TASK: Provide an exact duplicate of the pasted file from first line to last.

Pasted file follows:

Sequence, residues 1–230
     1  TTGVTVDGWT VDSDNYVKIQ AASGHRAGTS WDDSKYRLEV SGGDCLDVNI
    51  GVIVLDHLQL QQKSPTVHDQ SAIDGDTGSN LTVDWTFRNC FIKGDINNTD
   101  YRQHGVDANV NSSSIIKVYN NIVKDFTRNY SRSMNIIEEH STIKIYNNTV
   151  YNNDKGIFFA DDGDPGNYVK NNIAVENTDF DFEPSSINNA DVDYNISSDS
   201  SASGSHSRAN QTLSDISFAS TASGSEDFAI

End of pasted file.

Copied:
Sequence, residues 1–230
     1  TTGVTVDGWT VDSDNYVKIQ AASGHRAGTS WDDSKYRLEV SGGDCLDVNI
    51  GVIVLDHLQL QQKSPTVHDQ SAIDGDTGSN LTVDWTFRNC FIKGDINNTD
   101  YRQHGVDANV NSSSIIKVYN NIVKDFTRNY SRSMNIIEEH STIKIYNNTV
   151  YNNDKGIFFA DDGDPGNYVK NNIAVENTDF DFEPSSINNA DVDYNISSDS
   201  SASGSHSRAN QTLSDISFAS TASGSEDFAI